Mario Bros. Special
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Mario Bros. Special (マリオブラザーズ スペシャル) is a game developed by Hudson Soft in 1984. The game had versions for the NEC PC-6001mkII/NEC PC-6601, NEC PC-8801, FM-7, Sharp X1, Sharp MZ-1500, MZ-2200, Hitachi S1, and NEC PC-9801, most of which had noticeable differences between each other (palette, sound, flow of gameplay, etc.). About two years later after Mario Bros. Special and Punch Ball Mario Bros. were released, Hudson released Super Mario Bros. Special.
A version of the game was planned for Sony's SMC-777, but was canceled for unknown reasons.
The game is again not a straight port of Mario Bros, but more of a sequel of sorts, an original arcade-style platformer with adjustments to the game's graphics and sounds, and even a bonus timer.
There are four different screens. In the first, Mario must make his way to the top of the screen, avoiding enemies in later stages. Once there, he must hit five switches, twice each, and quickly make it to either side before the switches deactivate. Enemies can be killed by jumping over or right next to them and hitting a platform or object above him.
For the second stage, Mario must jump on trampolines to stun enemies and kick them off, avoiding the fireball once it appears. Once all enemies are gone, a platform will appear at the top of the screen, and jumping onto it will complete the stage.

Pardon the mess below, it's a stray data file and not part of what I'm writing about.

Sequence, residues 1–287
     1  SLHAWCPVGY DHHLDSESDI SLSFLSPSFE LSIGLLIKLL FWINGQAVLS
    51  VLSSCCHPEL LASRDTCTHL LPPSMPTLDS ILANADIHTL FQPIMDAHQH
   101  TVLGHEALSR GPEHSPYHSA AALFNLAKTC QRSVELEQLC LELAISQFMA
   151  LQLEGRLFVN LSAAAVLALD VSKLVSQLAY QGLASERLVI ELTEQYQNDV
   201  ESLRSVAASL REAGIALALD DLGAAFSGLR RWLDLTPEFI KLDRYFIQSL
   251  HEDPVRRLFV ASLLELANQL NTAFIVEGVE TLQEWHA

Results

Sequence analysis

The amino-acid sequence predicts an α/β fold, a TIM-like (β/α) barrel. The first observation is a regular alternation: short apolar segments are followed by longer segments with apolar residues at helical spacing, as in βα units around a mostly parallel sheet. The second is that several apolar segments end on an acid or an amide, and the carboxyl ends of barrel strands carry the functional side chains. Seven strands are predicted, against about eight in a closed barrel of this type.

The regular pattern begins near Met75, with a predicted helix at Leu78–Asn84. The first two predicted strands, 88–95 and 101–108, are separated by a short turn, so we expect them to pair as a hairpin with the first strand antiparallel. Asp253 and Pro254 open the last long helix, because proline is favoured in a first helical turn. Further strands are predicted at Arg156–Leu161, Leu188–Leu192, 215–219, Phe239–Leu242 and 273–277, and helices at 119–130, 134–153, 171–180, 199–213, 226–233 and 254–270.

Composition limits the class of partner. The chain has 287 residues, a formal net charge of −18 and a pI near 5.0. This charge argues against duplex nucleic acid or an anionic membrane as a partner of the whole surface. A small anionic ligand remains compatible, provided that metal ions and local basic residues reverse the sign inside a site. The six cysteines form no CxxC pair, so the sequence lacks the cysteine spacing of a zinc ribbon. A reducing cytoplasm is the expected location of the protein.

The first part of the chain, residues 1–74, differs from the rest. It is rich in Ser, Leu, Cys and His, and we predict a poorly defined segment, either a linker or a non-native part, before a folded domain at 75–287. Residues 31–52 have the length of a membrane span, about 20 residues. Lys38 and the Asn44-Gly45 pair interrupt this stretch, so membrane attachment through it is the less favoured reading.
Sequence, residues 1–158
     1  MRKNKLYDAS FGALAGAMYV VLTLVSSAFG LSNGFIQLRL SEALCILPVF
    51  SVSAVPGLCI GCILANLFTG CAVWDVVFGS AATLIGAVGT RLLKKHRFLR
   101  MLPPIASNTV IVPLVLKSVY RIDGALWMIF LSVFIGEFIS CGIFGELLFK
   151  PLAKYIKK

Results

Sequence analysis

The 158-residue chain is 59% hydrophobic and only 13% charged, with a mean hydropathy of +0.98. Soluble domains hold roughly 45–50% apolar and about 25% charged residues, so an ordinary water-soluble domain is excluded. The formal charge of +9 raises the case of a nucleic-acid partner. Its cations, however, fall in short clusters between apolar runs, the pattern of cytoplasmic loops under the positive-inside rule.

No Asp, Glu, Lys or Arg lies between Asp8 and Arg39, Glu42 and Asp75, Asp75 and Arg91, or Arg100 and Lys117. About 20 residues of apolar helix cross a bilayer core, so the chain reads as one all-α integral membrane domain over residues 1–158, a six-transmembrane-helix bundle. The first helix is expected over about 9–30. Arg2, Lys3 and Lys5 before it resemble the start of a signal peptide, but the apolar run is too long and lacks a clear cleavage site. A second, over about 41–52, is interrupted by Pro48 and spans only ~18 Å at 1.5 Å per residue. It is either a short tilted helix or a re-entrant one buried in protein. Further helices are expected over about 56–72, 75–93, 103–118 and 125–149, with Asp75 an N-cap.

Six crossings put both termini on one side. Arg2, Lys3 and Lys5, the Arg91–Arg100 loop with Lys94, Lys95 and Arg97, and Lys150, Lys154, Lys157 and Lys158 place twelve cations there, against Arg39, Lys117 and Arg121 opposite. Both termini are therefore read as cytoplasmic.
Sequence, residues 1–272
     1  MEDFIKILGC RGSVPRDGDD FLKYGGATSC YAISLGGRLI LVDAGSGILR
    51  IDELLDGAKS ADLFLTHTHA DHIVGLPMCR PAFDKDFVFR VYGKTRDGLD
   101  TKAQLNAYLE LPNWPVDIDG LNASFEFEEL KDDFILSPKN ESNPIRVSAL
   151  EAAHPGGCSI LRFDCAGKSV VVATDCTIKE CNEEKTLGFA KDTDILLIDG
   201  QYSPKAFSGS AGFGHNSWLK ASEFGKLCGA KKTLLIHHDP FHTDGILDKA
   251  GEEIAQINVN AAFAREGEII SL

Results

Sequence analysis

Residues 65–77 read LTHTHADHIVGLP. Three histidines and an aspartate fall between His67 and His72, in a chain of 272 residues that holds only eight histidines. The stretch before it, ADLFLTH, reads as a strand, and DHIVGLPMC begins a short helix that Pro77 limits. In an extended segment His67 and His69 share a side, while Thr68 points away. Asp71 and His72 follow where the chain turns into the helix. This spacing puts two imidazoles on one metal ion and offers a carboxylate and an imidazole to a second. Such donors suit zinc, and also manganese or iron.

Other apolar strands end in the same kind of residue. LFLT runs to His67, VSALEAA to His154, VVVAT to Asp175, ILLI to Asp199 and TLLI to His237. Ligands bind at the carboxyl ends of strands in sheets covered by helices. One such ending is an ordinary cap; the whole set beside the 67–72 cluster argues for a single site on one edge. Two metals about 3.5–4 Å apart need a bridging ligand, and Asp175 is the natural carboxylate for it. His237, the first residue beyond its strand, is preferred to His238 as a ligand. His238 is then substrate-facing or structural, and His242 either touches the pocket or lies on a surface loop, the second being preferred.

In the third, Mario must take the elevator up to the conveyor belts and collect dollar signs while avoiding enemies, which can be killed by jumping on the conveyor belts while they're on it. Once enough have been collected, a ring will appear at the top of the screen, and getting onto the moving platform, from there onto the top middle one, and running into it will complete the stage.
Finally, the fourth stage is Test Your Skill. Mario must collect all the dollar signs, which replace coins, and hit the ring at the top before the time runs out. In later stages, the platforms move.
Pre-release and unused content
The July 1984 issue of Micom Basic Magazine had screenshots published by Hudson Soft to advertise the then-upcoming game. Since this was prior to release, there are several differences between these screenshots and the final game. The most notable changes were made to the third stage, which was seemingly going to simply be a harder version of the second stage with conveyor belts in place of the trampoline. Interestingly, the beta version of the second stage has its trampoline layout reversed, while the conveyor belt layout of the beta version of the third stage matches the trampoline layout of the final second stage.